Otto Kellar and his wife Alma work as caretaker and housekeeper at a Catholic church in Quebec. Whilst robbing a house where he sometimes works as a gardener, Otto is caught and kills the owner. Racked with guilt he heads back to the church where Father Michael Logan is working late. Otto confesses his crime, but when the police begin to suspect Father Logan he cannot reveal what he has been told in the confession. Written by
Col Needham <email@example.com>
In his interview with François Truffaut, Alfred Hitchcock said he was so impressed with the performance of Anita Björk in Miss Julie (1951) that he hired her for this movie. However, when she arrived in Hollywood, Bjork brought her lover, writer Stig Dagerman, and their baby daughter. Since they were not married, Warner Bros. insisted that Hitchcock find another actress for the role of Ruth Grandfort, in this case Anne Baxter. See more »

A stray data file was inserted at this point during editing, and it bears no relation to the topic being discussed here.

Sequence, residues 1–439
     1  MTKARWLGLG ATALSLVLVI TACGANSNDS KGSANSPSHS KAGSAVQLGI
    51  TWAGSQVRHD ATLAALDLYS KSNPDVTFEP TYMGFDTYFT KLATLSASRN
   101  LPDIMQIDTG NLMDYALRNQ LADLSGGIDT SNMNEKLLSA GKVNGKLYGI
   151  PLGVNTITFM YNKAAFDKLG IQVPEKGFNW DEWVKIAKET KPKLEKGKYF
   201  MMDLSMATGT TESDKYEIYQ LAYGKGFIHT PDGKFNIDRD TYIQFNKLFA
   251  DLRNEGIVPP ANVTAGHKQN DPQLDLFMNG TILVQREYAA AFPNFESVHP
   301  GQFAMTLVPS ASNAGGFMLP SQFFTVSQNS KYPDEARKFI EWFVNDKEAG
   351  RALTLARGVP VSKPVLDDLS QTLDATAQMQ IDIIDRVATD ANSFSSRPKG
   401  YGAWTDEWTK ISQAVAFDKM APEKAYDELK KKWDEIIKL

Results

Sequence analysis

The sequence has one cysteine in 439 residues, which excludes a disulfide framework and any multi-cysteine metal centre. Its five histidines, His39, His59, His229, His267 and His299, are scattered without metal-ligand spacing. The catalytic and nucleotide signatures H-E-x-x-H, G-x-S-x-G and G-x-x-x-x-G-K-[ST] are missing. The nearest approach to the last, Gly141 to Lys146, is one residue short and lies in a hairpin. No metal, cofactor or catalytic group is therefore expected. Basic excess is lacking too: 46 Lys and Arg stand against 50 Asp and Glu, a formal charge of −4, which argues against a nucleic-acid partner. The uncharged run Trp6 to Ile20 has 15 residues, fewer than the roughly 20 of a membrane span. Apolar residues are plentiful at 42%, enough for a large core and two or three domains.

In the scene where Ruth is watching the postman walk past her house, set during World War II, the cars parked on the street are all 1950s models. See more »
"I Confess" is a strong candidate for Hitchcock's most forgotten film. It never gets mentioned in any Hitchcock documentaries or when discussing about his movies. The film doesn't offer the usual amount of excitement or thrilling entertainment than his better known ones ("North by Northwest", for instance). In fact, there isn't much of "real" suspense at all, but well-sketched characters, fine acting performances, and captivating plot development are more than compensating matters.
"I Confess" is a very interesting piece of film making and should be viewed by any Hitchcock fan.
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